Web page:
English weight measurements

Can anyone please tell me how much a stone is in pounds? You find this referred to in English books and stories, that go something like this “He weighs 10 stone.” I always thought it meant 11 pounds per stone but that does not seem to be enough because when this sentence is used they are referring to a large man (200+pounds) and not 110 pounds.
A second question, how long is a fortnight? Also used in English novels as a measurement of time. Thanks for the help.

Fourteen pound = 1 stone
Fourteen days = fortnight

CONVERSIONS OF ANY AND ALL UNITS at your fingertips:
** http://www.megaconverter.com/mega2/ **

What a cool site, thanks a lot!

BTW, this is really a General Question, so I’m moving the thread so more people can be educated.

your humble TubaDiva
Administrator

From the most comprehensive site about units:
http://www.unc.edu/~rowlett/units/dictS.html#stone

For what it’s worth, I am 10 stone, and I am actually underweight. So 10 stone does not refer to a large man at all, it is an average to low weight for a male.

I don’t know about all of that, but a friend of mine lives on the East Coast of South Florida and has reported that bales of coke keep occasionally washing ashore from the ocean and now and then, some big plastic wrapped bricks of pot drift up.

He lives near the beach and, for reasons best not disclosed, has been delighted when this ‘treasure’ occasionally washed up at his door step, so to speak. He is, now, real unhappy with his neighbors from a new condo within a half mile of ‘his’ beach because they take early morning walks.

They’ve found some of the rare sea treasure and called the cops, who show up in force, take the goods, scour the area for more and often hide a few plain cloths agents about for a few days to recover anymore that arrives and to arrest anyone ‘salvaging’ it.

He sez that by rights of international salvage of the sea, that which washes up upon his shore belongs to him. The cops say differently.

He’s currently thinking of land mines or something to discourage his ‘neighbors’ from walking ‘his’ section of beach.

Um, CopperTears, I think you might be in the wrong place. Perhaps you meant to post that in the thread Bales of Cocaine?

As to the OP, I feel obligated to point out that stones are not a unit of weight, as pounds are, but a unit of mass, like the kilogram, so strictly speaking, you can’t make a conversion between them without specifying a gravitational field.

Chronos,

I thought the slug was the unit of mass in Imperial system, and that the stone is just a unit of weight, a multiple of pounds, like the quarter and the ton? I belive that the term “stone” to mean 14 lbs. has been around since long before physics made the distinction between mass and weight.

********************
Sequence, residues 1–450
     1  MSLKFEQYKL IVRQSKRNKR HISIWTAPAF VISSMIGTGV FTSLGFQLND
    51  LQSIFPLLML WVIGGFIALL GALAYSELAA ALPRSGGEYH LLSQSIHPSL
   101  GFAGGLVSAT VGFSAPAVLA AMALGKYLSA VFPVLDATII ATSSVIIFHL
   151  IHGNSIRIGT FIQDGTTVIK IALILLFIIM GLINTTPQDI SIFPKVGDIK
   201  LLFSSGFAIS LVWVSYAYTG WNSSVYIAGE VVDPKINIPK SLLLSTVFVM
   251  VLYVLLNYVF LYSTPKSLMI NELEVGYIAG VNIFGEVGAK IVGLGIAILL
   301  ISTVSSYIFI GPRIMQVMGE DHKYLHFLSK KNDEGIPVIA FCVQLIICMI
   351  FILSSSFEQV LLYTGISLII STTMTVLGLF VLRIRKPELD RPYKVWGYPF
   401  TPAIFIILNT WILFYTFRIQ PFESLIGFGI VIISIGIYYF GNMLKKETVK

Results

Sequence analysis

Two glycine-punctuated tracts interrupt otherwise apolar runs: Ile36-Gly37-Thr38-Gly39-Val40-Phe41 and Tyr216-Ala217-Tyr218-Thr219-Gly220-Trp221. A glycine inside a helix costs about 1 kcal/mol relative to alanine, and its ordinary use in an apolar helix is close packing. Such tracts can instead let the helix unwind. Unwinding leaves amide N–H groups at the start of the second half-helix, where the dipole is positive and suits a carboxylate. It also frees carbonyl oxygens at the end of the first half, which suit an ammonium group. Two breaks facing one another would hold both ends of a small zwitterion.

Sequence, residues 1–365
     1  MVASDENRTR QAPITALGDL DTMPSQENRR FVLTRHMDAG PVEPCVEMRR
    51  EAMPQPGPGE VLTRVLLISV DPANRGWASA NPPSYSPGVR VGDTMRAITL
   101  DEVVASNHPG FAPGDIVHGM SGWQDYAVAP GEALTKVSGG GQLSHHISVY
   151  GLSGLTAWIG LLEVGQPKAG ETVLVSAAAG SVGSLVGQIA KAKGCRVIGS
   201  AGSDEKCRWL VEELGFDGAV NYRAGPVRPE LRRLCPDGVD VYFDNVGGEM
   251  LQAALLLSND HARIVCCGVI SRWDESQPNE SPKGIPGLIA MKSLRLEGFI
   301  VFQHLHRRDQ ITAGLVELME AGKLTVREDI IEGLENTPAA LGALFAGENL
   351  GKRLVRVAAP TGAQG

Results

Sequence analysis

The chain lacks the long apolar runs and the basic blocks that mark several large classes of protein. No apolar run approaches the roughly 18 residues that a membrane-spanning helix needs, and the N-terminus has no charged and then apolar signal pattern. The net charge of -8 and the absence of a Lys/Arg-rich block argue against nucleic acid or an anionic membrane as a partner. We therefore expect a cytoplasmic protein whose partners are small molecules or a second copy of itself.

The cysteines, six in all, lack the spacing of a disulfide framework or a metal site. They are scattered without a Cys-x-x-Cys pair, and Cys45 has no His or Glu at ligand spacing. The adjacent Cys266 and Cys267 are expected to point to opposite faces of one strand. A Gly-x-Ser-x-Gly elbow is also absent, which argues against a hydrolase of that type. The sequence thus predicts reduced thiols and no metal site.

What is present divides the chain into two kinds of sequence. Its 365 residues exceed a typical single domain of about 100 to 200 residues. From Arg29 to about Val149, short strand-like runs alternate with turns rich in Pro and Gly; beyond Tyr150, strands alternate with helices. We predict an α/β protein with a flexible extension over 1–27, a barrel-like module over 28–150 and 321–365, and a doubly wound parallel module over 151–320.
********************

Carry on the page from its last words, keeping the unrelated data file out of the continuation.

Chronos,

I thought the unit of mass in Imperial system is the “slug,” and that the “stone” is just a unit of weight, a multiple of pounds, like the quarter and the ton?

I believe that the term “stone” to mean 14 lbs. has been around since before physics made the distinction between mass and weight.

yeck - excuse simulpost, please. thought I pushed “preview” - must have been “submit.”

Chronos, are you sure of that? The link I provided above says it is a unit of weight. Can you provide some source?

A kilogram isn’t a unit of mass! It’s a unit of weight! What the hell?

Guanolad,

A kilogram is a unit of mass. Something that has a mass of one kg on earth will have the same mass on the moon, and on the space shuttle. If I swing a bat that weighs one kg, with exactly the same speed, and hit you in the face with it, it will do the same damage whether we’re on Earth, in the shuttle, or on the Moon.

Weight, on the other hand, varies with gravitational pull. The same object, with mass of one kg, will have one weight on Earth, another weight on the Moon, and would be weightless in orbit in the space shuttle. The unit of weight in metric (or SI, if you’re picky) is the Newton, defined as a certain mass (1 gram, or 1 kilogram - can’t remember which) under the normal accelaration of Earth gravity - 9.8 m/second/second.

Since few of us ever leave Earth we use the mass measurement to represent weight.

(Hope I got that right - I’m sure if I didn’t, we’ll hear about it.)

We never studied weight when I was at school. Just by a quirk of scheduling through my life, I never managed to end up in a lesson talking about weight. That, coupled with getting imperial measures from my parents and decimal measures from school managed to totally confuse me to the point where, even today, I dunno shit about weight measurements.

So thanks for the correction and explanation.

Consider me officially chastized on the slug/stone issue. I don’t have any cites, so I’ll trust jti and sailor on that one. I’m a physicist, and used to working in the various forms of the metric system (or the Planck system… I’m a theorist :)), so could easily have gotten confused.

Actually, a Newton is one kilogram times one meter per second per second. A dyne is one gram times one centimeter per second per second. The gravitational field at the surface of the Earth is not used in the definition of either, which makes sense when you consider that Newtons/dynes are used for all forces, not just weight.

Chronos - thanks for clarifying the Newton.

I remember now where the “9.8” came from in my thinking: an object with a mass of 1 kg on Earth would have a weight of 9.8 N, right? Since the acceleration would the gravitational pull of the Earth, which is 9.8 m/sec/sec? Or am I hopelessly confused?

Right, F=ma, and the a here is g, so a 1 kg mass on the surface of the Earth has a weight of 9.8 Newtons.